(Originally published Jan. 30, 2009.)
It’s not a stretch to imagine there might not have been an SMU-in-Taos without Fred Wendorf. The renowned archaeologist’s early-career excavations in New Mexico unearthed the remnants of a log fort established by U.S. soldiers in 1852 to protect Taos-area settlers from roaming Apache and Comanche Indians. Wendorf reconstructed Fort Burgwin‘s structures based on sketches of the original log buildings.
In addition, Wendorf, SMU’s Henderson-Morrison Professor Emeritus of Prehistory, served as leader of the Combined Prehistoric Expedition to Egypt from 1962-2000. His expeditions produced most of what is known about the Stone Age prehistory of northeastern Africa. And in 2001, he gave more than 6 million ancient Nile Valley artifacts he had collected to the British Museum in London.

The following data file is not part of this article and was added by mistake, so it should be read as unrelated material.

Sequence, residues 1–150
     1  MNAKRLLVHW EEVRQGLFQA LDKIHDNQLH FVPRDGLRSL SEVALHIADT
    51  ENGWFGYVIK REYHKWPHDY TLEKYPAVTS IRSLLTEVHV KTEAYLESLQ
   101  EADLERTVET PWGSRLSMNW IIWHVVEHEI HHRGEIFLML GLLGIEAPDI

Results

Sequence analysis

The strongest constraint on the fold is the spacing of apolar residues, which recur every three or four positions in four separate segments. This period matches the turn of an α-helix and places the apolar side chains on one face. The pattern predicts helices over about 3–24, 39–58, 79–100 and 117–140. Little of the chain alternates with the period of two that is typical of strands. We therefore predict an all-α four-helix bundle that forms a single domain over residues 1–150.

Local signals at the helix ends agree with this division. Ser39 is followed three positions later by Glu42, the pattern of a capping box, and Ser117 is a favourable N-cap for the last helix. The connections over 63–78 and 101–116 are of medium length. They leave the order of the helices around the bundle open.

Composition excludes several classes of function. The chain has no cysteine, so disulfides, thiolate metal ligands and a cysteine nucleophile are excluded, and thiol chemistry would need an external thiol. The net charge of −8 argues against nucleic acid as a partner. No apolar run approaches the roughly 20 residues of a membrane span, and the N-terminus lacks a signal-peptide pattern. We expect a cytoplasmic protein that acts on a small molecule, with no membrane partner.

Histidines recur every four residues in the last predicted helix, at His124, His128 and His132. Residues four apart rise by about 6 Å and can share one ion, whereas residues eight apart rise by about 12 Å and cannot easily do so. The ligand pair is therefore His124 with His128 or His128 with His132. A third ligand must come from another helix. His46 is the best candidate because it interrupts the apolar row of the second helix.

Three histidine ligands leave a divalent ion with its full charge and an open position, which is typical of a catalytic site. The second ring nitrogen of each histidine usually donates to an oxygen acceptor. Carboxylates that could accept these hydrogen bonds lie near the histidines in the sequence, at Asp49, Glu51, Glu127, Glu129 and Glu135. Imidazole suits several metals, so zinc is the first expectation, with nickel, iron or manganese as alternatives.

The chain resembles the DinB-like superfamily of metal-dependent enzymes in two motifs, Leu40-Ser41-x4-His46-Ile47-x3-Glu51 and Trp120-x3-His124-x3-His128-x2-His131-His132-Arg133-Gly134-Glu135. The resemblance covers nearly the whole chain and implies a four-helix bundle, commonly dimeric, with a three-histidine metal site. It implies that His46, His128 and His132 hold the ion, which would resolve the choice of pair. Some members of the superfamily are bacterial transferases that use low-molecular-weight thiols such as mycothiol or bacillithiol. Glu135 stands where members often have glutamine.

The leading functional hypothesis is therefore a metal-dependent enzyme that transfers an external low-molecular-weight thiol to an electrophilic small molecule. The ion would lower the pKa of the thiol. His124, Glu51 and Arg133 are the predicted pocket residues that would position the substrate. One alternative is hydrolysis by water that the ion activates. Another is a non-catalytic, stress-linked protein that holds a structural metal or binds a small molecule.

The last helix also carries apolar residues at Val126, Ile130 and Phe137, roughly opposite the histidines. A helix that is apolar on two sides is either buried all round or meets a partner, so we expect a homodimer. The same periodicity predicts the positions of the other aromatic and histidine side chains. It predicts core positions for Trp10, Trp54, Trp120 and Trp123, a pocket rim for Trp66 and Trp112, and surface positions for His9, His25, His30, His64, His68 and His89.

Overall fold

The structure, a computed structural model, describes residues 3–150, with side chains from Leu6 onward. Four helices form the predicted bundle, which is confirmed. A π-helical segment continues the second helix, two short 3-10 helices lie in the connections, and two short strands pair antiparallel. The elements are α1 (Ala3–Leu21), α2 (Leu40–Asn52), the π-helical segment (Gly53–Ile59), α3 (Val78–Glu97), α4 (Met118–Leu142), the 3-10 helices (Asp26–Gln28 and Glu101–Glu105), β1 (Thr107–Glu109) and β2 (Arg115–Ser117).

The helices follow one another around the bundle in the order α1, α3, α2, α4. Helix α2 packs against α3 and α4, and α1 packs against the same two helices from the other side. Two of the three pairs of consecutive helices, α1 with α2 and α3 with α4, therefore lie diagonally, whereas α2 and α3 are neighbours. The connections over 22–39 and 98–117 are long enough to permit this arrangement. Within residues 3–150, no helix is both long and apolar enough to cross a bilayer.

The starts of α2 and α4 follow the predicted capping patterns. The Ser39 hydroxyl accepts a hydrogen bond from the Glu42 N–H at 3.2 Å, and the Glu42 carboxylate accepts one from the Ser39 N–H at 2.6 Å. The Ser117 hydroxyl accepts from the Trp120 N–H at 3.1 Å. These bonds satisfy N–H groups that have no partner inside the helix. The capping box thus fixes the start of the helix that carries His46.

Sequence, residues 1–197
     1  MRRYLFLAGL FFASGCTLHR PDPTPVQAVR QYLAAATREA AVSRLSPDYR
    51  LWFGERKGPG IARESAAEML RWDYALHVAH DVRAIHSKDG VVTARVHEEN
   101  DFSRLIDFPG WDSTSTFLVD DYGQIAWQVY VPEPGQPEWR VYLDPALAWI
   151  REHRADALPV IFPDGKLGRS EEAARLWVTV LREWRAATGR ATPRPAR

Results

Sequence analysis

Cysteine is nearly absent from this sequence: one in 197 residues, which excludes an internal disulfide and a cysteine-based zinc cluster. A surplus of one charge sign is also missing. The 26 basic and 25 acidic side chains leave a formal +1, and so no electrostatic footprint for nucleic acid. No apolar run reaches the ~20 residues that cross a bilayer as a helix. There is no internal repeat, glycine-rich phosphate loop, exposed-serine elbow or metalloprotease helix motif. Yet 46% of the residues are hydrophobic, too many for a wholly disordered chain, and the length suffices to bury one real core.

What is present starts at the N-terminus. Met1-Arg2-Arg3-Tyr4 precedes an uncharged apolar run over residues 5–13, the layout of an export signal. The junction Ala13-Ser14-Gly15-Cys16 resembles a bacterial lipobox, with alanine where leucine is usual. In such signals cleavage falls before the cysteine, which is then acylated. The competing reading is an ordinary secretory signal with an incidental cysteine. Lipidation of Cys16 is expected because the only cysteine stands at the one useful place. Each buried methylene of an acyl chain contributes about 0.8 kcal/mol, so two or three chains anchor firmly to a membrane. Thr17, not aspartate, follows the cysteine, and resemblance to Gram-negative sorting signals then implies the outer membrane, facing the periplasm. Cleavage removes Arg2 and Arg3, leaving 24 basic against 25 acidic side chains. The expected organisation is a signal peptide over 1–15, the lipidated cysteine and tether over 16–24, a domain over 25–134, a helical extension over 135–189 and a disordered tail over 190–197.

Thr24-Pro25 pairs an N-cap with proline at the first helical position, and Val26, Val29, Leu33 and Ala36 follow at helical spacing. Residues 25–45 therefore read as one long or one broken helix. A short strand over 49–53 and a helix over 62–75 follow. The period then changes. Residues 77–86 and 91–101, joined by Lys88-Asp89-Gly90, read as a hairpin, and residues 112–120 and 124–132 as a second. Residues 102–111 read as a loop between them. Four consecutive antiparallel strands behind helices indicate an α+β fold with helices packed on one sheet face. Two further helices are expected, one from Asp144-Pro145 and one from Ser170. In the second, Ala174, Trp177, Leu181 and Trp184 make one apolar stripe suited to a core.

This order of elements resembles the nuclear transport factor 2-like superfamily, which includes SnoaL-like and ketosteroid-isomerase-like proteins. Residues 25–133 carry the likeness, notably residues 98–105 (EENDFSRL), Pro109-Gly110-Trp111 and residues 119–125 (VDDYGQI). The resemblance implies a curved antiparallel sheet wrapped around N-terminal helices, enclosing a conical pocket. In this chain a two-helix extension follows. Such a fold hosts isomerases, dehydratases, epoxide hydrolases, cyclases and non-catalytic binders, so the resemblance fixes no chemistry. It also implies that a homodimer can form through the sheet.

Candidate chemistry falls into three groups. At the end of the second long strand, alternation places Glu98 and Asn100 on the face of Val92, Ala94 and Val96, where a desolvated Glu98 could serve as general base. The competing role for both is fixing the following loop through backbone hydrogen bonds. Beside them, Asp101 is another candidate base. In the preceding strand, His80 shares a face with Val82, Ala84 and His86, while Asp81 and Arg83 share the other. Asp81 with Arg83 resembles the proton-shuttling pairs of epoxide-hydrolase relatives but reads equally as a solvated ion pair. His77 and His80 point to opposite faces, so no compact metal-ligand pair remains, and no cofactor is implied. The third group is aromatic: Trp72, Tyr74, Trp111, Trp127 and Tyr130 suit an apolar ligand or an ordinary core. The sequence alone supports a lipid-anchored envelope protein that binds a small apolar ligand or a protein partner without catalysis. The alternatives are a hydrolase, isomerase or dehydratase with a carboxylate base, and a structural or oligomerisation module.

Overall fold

Wendorf’s career contributions and new book will be spotlighted at a Feb. 5 reception, book signing and lecture at SMU’s DeGolyer Library. The reception begins at 6 p.m. in the Texana Room. The lecture and book-signing for Desert Days: My Life as a Field Archaeologist will follow at 6:30 p.m. in the Stanley Marcus Reading Room. Both are free and open to the public. Desert Days has been published by SMU Press in cooperation with the William P. Clements Center for Southwest Studies.
Register online for the reception and book signing, or call 214-768-3231.